Matilda Ahola (left) and Eemil Lähteenmäki (right) demonstrate robotics to Heljä Misuka, The education director of the Trade Union of Education in Finland, OAJ, in a pop-up school in Helsiniki on 4th Oct. 2019. Education was one of the topics with Haigh satisfaction in Finland.


Trust and social cohesion bounces back to pre-crisis levels across the EU, with people in Finland and Denmark having the highest trust in national institutions.

Contrary to a generalised concern about a ‘crisis of trust’ in the aftermath of the financial crisis, trust in national and EU institutions has bounced back to pre-crisis levels, while civic engagement has increased, and perceived social exclusion has decreased.

Eurofound’s new flagship report ‘Challenges and prospects in the EU: Quality of life and public services’ reveals that during the financial crisis trust levels fell considerably in terms of perceptions of both national governments and EU institutions, with the countries hit hardest economically reporting the lowest levels of trust. 

Trust is an important indicator of the well-being of citizens and the overall cohesion of society, and the perception of the quality of public services is a particularly strong determinant of trust, acting as the dominant medium through which individuals experience how the state functions.

The report identifies the factors that influence an individual’s perception of trust, which includes their economic situation, the perceived quality of public services, societal tensions, levels of tertiary education and the political integrity of the government. Furthermore, it highlights that people with lower levels of perceived security in terms of housing, employment or old-age income have considerably lower trust in institutions compared to those with higher levels of economic security.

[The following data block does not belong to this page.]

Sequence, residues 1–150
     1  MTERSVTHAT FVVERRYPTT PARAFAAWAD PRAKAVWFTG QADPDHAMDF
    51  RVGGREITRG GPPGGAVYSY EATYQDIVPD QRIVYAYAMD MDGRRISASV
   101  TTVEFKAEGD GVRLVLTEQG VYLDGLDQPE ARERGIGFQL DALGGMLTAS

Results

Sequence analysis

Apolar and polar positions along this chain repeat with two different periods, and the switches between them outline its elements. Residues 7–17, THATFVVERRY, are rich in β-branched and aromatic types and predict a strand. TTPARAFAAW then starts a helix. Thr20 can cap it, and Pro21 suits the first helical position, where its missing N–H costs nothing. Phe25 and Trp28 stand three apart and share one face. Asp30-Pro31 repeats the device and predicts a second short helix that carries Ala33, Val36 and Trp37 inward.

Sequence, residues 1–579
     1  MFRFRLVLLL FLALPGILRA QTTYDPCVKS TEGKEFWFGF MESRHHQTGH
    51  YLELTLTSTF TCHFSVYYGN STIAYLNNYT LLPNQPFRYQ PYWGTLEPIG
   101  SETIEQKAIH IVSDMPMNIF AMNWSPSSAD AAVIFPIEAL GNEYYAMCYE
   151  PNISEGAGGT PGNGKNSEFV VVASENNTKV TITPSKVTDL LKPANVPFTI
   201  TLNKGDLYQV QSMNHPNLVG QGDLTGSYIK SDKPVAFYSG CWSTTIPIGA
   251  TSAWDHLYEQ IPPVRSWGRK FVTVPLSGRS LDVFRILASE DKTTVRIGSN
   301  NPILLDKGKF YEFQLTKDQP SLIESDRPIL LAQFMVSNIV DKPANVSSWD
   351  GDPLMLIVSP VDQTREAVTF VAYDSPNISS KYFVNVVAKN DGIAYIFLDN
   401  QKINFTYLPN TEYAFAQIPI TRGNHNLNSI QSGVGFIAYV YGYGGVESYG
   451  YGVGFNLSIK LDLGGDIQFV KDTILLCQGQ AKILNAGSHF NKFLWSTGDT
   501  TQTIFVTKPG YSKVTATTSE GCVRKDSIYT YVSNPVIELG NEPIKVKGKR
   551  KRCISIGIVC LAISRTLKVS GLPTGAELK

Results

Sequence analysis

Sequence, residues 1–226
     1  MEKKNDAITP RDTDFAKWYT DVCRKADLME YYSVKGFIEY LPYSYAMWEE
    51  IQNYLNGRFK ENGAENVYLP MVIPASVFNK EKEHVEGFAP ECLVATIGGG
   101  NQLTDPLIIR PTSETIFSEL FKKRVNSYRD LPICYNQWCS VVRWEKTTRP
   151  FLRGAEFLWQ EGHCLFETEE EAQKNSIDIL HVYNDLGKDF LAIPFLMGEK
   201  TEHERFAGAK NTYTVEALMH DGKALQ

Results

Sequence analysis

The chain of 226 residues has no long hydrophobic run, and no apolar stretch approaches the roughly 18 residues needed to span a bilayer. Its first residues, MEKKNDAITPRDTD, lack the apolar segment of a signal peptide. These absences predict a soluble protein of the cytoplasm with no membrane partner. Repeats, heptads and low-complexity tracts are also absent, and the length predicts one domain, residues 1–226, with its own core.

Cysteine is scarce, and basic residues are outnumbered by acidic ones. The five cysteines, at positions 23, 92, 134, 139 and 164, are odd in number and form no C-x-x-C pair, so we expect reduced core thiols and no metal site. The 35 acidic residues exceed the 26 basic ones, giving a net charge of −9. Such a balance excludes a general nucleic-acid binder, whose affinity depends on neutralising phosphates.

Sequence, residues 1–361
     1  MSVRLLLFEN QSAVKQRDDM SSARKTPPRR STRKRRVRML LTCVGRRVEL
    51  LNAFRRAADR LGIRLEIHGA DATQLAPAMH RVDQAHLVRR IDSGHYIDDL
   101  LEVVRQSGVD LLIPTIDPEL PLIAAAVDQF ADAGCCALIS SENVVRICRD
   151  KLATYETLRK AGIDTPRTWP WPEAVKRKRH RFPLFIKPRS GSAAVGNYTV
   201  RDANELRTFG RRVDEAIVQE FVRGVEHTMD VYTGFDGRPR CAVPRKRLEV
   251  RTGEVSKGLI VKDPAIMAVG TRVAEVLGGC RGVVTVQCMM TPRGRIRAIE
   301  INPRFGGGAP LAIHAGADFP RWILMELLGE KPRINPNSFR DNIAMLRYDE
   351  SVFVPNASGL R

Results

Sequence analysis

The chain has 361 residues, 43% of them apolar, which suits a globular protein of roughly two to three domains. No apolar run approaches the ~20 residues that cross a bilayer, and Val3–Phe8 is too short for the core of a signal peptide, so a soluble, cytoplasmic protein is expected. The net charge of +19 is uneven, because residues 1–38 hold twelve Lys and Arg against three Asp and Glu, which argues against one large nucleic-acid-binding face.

Following the economic recovery, the number of people at risk of poverty or social exclusion in the EU fell to 113 million people in 2017 – below the pre-crisis level. Moreover, this decrease in social exclusion has likely strengthened trust in national and EU institutions. However, it must also be noted that disparities remain between Member States, and in some countries trust levels are lower and social exclusion higher than the corresponding 2008 levels.

The report finds that the lowest levels of trust in national institutions can be observed in Croatia Bulgaria, Greece, Slovenia and Slovenia, while levels are highest in Finland, Denmark, Luxembourg, Sweden and the Netherlands. When looking at trust in the EU, in 2016 the highest levels of trust were reported in Lithuania, Romania, Malta, Luxembourg and Finland, and the lowest levels in Greece, France, Cyprus, Czechia and Italy. 

In contrast to the otherwise positive recovery of social cohesion and trust, perceptions of tensions between ethnic and religious groups were more common in 2016 than before the crisis, resulting in a negative impact on trust in institutions. The report notes that addressing these tensions may require work on social and economic integration and group relations. 

As the overall economic situation has improved across the EU and the level of social exclusion has fallen, levels of trust and social cohesion have climbed back to pre-crisis levels in most countries. The report identifies that improving the delivery of quality public services and engaging the public in the co-design of services is fundamental to increasing trust and social cohesion across the EU.



Image: Lehtikuva